Thursday, December 12, 2019

Wallenius Wilhelmsen - new colour

The autocarrier Toscana exhibited the new Wallenius Wilhelmsen hull colour scheme  at Autoport yesterday and Pier 31 today before sailing for New York.

Signalling the 2018 combination of ownership between the once separate companies the new scheme owes little to tradition! Wallenius, of Sweden, pioneers in seabourn auto transport, traditionally painted their ships with green hulls and white superstructure. Norwegian Wilhelmsen, ConRo experts,  used orange for the hull and white on the superstructure. The new scheme consists of sea foam green signifying water and grey for land on the hull. Superstructure appears to be largely white, but some deck fittings such as fan hoods are grey. I could not see the new funnel mark, which consists of stylized "W" and "O".

In April 2018 the two companies created Wallenius Wilhelmsen Group, to operate the combined fleet under the Wallenius Wilhelmsen Ocean name.   The Group also includes EUKOR and ARC operating under their own brand names.

Toscana, built in 2009 by Mitsubishi HI in Nagasaki, is a 61,328 gt, 22,250 dwt Pure Truck and Car Carrier, with a capacity of 6354 CEU. Owners are still identified as Wilhelmsen in on-line registry listings.

It appears that the new branding consists of the colour scheme, but not the ship names. Therefore it should still be possible to identify Wilhelmsen ships from their names beginning with the letter 'T" and Wallenius ships using operatic characters for their ships' names. Toscana also carries a Wilhelmsen monogram on the bow.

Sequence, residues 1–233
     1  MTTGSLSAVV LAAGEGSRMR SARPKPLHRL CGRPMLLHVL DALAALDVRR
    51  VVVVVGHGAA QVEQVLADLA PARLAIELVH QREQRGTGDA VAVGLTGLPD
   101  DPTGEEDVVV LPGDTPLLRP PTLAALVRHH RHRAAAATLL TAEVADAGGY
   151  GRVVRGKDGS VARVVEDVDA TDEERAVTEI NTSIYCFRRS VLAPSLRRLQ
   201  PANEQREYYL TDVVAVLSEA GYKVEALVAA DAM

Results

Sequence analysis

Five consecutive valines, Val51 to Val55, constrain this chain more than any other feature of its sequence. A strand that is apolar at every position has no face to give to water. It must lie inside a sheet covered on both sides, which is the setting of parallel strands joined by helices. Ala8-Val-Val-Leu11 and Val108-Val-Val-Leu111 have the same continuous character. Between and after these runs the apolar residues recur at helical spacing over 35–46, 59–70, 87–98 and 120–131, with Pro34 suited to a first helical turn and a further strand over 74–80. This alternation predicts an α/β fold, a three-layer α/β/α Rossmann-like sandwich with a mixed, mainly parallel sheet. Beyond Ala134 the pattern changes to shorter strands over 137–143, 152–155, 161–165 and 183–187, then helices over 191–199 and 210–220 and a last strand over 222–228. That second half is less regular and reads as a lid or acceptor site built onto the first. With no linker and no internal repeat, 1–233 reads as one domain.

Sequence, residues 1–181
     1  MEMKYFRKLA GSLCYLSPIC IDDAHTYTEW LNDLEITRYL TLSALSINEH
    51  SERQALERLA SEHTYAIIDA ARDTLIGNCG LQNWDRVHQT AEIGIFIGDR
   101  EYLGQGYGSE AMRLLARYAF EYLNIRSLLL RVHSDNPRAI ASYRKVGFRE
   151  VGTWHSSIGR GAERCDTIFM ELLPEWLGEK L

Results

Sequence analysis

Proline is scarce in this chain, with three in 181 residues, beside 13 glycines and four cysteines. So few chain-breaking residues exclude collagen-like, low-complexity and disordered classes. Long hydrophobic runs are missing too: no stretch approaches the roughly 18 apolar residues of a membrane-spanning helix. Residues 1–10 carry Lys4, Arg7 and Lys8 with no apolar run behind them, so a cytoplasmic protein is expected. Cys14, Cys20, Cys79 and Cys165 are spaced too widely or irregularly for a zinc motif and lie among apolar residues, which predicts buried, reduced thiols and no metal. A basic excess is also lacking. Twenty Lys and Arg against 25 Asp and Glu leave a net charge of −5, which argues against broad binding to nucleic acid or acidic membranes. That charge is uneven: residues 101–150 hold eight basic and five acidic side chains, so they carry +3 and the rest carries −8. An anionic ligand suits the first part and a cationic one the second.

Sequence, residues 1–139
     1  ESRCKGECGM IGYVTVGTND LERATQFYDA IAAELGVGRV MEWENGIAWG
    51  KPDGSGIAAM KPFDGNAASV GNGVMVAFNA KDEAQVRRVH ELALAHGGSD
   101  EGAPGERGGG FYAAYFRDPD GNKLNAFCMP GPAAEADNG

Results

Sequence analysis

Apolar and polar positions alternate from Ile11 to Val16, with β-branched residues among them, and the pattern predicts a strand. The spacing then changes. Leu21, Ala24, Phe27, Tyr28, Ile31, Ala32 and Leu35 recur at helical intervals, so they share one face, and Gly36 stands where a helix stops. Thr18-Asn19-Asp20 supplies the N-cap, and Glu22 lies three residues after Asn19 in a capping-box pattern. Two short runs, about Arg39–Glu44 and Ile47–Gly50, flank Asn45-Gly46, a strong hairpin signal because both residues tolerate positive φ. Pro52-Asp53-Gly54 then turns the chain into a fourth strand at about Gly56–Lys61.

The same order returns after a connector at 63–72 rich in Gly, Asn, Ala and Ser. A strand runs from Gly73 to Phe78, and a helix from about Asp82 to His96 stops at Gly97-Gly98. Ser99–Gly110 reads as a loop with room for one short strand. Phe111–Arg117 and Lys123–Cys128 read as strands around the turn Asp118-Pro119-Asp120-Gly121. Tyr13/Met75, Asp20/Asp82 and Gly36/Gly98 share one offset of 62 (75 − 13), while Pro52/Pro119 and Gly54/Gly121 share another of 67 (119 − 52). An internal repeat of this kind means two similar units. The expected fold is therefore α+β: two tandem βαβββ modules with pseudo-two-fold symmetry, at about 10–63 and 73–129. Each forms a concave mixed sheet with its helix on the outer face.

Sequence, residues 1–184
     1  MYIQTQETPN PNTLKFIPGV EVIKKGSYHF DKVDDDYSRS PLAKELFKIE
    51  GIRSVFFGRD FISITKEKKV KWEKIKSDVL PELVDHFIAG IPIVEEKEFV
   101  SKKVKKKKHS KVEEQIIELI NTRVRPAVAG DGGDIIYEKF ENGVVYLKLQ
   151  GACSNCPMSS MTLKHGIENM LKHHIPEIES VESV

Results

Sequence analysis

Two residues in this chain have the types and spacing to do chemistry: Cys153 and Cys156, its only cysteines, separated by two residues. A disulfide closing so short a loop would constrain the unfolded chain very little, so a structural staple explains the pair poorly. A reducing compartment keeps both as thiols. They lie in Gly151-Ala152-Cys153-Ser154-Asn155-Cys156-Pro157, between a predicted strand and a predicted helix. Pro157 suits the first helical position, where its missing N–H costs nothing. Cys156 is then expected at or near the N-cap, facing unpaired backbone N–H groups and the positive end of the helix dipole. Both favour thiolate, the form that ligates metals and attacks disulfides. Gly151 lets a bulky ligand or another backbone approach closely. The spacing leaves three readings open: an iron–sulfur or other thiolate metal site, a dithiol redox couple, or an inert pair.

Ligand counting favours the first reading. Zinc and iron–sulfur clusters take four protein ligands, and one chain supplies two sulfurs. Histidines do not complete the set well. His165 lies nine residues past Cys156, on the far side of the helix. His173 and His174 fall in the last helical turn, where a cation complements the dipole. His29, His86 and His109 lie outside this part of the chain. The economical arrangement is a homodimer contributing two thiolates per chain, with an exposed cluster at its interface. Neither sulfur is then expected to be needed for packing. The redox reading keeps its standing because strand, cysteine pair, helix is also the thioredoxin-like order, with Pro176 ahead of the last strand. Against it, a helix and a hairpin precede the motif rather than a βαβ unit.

Wednesday, December 11, 2019

Cormorant - another chapter

Another chapter has been added to the saga of Cormorant the former Royal Canadian Navy diving support ship HMCS Cormorant ALS-20. The Canadian Coast Guard has apparently now undertaken to remove the ship which has been lying effectively abandoned, in Bridgewater, NS.

Thanks to Bernadette Jordan, MP for South Shore -  St.Margarets, legislation was finally passed in the last parliament to deal with abandoned vessels. Ms. Jordan is now Minister of Fisheries, Oceans, and the Coast Guard in the new parliament.

Cormorant was seen as an unsightly addition to the shores of the La Have River.

Built in 1965 by Cantiare Navale Apuania, Marina-Carrera, Italy, as a factory freezer trawler, named  Aspa Quarto, it was acquired by the RCN in 1975. Davie Shipbuilding converted the ship to carry the SDL-1 submersible in a special hangar, and to support its operation using the stern ramp and gantry. There was considerable controversy at the time about the cost of the conversion which incidentally included facilities to accommodate the first women to serve at sea with the RCN.